Network Rail’s air operations team have successfully flown a drone Beyond Visual Line of Sight (BVLOS) for 25 kilometres over dry land – believed to be the furthest such civilian drone flight in Britain.
The proof-of-concept flight – which took place yesterday (Wednesday 27 October) from Bicester along the East West Railway – is the culmination of 18 months of work. It is a significant step forward in terms of how drones can be used to inspect the railway safely, quickly and cost-effectively.
Drones and helicopters have long been used by Network Rail to identify faults on the railway, helping to predict and prevent failures to reduce disruption for passengers, while also representing a safer form of maintenance by limiting the number of manual inspections that need to be carried out by foot.
Until now, drones were only ever flown above the railway when they were in clear sight of the operator, and usually only for four or five kilometres at a time. While this can still be a helpful tool to inspect Britain’s rail infrastructure, it requires the team involved to set up multiple times at different locations. The ability to fly Beyond Visual Line of Sight enables the air operations team to inspect the railway over a much larger area while saving valuable time and costs.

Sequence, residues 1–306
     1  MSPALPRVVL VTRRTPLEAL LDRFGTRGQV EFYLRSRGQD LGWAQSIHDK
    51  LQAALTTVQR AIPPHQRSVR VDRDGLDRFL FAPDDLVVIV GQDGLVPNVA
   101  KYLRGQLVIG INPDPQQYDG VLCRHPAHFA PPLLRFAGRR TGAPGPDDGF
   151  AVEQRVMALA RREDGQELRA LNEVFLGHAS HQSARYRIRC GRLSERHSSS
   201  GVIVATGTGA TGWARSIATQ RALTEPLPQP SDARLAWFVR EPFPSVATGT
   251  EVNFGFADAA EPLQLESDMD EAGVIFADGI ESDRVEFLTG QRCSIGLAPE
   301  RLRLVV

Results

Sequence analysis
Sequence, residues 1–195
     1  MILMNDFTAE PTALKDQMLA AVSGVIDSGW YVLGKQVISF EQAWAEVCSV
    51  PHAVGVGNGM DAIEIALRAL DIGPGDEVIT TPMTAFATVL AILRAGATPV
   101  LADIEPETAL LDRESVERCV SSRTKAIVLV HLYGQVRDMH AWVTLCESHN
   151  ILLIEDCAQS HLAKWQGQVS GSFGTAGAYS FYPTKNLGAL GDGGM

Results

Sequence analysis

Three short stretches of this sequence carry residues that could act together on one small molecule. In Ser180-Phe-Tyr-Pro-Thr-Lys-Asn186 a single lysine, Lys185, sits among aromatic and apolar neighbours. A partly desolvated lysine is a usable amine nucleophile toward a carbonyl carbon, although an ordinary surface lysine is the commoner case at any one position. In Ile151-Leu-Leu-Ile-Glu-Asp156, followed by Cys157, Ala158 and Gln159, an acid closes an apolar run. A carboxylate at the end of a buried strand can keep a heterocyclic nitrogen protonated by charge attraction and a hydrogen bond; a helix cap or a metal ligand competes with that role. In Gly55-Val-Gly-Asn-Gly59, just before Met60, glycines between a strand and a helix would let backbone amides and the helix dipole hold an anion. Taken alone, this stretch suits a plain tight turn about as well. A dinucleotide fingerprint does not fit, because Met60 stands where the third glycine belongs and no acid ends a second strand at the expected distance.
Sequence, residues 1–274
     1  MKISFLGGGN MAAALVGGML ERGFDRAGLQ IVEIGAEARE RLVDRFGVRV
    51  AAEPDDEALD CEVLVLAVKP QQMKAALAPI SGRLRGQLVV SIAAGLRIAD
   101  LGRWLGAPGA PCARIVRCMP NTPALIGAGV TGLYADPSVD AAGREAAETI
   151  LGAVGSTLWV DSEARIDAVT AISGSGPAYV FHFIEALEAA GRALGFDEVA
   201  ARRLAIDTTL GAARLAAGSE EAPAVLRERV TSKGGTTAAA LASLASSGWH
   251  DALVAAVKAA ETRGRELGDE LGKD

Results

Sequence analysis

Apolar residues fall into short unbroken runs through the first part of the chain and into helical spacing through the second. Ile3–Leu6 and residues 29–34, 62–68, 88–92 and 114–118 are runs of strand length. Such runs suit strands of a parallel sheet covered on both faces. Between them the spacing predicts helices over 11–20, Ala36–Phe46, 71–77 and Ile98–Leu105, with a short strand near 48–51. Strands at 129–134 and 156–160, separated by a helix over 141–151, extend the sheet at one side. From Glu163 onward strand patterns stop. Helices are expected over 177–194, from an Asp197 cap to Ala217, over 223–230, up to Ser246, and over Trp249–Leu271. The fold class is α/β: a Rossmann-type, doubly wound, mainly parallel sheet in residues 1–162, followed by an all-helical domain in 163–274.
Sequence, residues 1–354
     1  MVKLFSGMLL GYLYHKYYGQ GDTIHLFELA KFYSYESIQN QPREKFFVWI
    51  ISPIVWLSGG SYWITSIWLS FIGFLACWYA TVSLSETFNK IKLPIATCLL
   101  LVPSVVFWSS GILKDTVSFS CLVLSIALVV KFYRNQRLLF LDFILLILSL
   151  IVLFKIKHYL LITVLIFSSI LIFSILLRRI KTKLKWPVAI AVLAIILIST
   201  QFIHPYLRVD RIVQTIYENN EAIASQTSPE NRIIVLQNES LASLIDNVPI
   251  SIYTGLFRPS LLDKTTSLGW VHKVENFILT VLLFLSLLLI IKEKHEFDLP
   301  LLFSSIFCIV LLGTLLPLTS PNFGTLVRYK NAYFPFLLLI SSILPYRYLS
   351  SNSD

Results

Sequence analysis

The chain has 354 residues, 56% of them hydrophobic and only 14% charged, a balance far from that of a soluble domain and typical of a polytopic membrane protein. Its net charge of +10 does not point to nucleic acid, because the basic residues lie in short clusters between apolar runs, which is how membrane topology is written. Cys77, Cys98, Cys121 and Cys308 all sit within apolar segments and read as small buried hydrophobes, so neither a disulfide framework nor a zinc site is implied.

Rikke Carmichael, Network Rail’s head of air operations, said: “While flying Beyond Visual Line of Sight will ultimately provide us with much greater capability, it is worth emphasising that this was a proof-of-concept flight, and that a shift to using BVLOS as business as usual will take some time.
“Nonetheless, yesterday was an important milestone and I’d like to thank my team for all their hard work on this project over the last couple of years. We’ll now turn our attention to agreeing a strategy for using drones both VLOS and BVLOS, after which we will want to engage with industry for the next exciting phase of BVLOS becoming another routine service the Air Ops team provides the business.”
A Network Rail helicopter also flew alongside the drone to test whether or not the two could work together, and whether their respective systems recognised each other. It was proved that they did work effectively together. Data captured by the helicopter will be used to create a ‘digital twin’ of the railway that was flown over.